DC and Arlington have great bicycling infrastructure too, to the point that I'm confused why PDX is rated so much more highly. There seems to be a bit of an obsession regarding reputation. In other words, I'd like to see a Malcolm Gladwell-esque write-up in this domain! Having said all that, what would really make DC more attractive for bicycling would be cross town infrastructure. The Connecticut and Mass Ave. corridors in particular are the main boulevards cutting across and into the center of DC... somehow to get a bicycle version of that would be awesome. And less humidity in the summer riding months!

by PaulM on Mar 30, 2011 10:11 pm • linkreport

I'd like to see the breakdown in the workforce in each city by gender, especially in those under 40. It may be that DC has more women bike commuters than average because DC has more women commuters than average. I've always thought this town had a crazy large number of women* - which is why I've lived here for so long.

*As opposed to a crazy number of large women (I'm typing in your direction Houston)

by David C on Mar 30, 2011 10:43 pm • linkreport

I would think biking in a skirt to be really uncomfortable. I can barely sit down in a chair when wearing a skirtsuit, I can only imagine the show people would get if my feet had to move at the same time.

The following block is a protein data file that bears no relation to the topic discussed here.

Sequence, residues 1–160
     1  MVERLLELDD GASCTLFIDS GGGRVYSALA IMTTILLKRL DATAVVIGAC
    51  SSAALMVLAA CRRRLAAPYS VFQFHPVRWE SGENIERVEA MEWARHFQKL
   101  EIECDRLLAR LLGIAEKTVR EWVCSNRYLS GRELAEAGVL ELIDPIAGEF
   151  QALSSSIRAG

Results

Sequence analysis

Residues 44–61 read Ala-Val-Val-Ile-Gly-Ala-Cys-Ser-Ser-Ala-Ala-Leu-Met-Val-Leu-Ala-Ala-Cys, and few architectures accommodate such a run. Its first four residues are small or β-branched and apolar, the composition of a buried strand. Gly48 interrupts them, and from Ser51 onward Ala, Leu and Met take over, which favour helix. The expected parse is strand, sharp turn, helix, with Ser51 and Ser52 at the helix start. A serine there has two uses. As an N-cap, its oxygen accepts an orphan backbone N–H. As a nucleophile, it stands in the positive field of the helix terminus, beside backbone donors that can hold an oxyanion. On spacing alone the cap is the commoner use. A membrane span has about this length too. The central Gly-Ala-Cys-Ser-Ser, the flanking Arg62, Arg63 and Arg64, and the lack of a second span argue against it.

by Elysian on Mar 31, 2011 7:44 am • linkreport


That's a bunk number that you're citing and the current wage gap and gender as a determinant of income research don't support it. Furthermore, it really has no bearing on why men aren't allowed to wear more cycling-appropriate attire to work. Please don't undermine my campaign for the acceptance of the corporate kilt with hackish, poorly-researched talking points!

by J on Mar 31, 2011 8:07 am • linkreport

@David C, on that topic minneapolis consistently rates as "a good city for women" by several criterion. All else being equal maybe that has something to do with the higher prevalence of women biking there. Perhaps this says something about the culture in Minneapple as well as Minneapple women (they're the "strong" transplants from Lake Wogegone? i.e. more fearless and assertive than women in other places? This last point goes to both the biking prevalence and the rating of the city as "good" for women.)